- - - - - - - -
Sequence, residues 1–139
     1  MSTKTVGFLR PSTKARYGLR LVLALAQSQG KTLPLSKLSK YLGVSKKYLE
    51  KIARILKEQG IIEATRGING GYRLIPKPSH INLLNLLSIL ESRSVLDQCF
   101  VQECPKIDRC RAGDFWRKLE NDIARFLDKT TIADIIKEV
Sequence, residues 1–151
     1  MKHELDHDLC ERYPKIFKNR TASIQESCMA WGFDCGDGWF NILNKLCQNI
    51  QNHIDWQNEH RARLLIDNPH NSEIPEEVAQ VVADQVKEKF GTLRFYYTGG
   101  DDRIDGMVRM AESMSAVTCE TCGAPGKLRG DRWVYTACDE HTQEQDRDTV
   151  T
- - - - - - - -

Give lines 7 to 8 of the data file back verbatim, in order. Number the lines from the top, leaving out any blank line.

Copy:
    51  QNHIDWQNEH RARLLIDNPH NSEIPEEVAQ VVADQVKEKF GTLRFYYTGG
   101  DDRIDGMVRM AESMSAVTCE TCGAPGKLRG DRWVYTACDE HTQEQDRDTV